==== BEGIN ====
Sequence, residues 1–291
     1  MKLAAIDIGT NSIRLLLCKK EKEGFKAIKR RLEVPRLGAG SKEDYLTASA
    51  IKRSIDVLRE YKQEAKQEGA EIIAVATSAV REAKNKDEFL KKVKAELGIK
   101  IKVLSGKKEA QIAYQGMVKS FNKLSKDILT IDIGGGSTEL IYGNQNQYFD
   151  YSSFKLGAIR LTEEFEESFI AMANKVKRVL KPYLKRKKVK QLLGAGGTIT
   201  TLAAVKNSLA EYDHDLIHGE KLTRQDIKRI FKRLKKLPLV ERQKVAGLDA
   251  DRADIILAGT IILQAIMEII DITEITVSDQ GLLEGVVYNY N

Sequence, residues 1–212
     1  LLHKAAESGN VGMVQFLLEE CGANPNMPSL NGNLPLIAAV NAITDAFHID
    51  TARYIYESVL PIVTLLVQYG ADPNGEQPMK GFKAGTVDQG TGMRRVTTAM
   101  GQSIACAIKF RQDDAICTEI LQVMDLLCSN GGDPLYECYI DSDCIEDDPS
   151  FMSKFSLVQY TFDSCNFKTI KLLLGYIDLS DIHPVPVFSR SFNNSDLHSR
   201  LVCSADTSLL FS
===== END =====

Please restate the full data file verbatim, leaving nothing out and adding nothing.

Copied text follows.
Sequence, residues 1–291
     1  MKLAAIDIGT NSIRLLLCKK EKEGFKAIKR RLEVPRLGAG SKEDYLTASA
    51  IKRSIDVLRE YKQEAKQEGA EIIAVATSAV REAKNKDEFL KKVKAELGIK
   101  IKVLSGKKEA QIAYQGMVKS FNKLSKDILT IDIGGGSTEL IYGNQNQYFD
   151  YSSFKLGAIR LTEEFEESFI AMANKVKRVL KPYLKRKKVK QLLGAGGTIT
   201  TLAAVKNSLA EYDHDLIHGE KLTRQDIKRI FKRLKKLPLV ERQKVAGLDA
   251  DRADIILAGT IILQAIMEII DITEITVSDQ GLLEGVVYNY N

Sequence, residues 1–212
     1  LLHKAAESGN VGMVQFLLEE CGANPNMPSL NGNLPLIAAV NAITDAFHID
    51  TARYIYESVL PIVTLLVQYG ADPNGEQPMK GFKAGTVDQG TGMRRVTTAM
   101  GQSIACAIKF RQDDAICTEI LQVMDLLCSN GGDPLYECYI DSDCIEDDPS
   151  FMSKFSLVQY TFDSCNFKTI KLLLGYIDLS DIHPVPVFSR SFNNSDLHSR
   201  LVCSADTSLL FS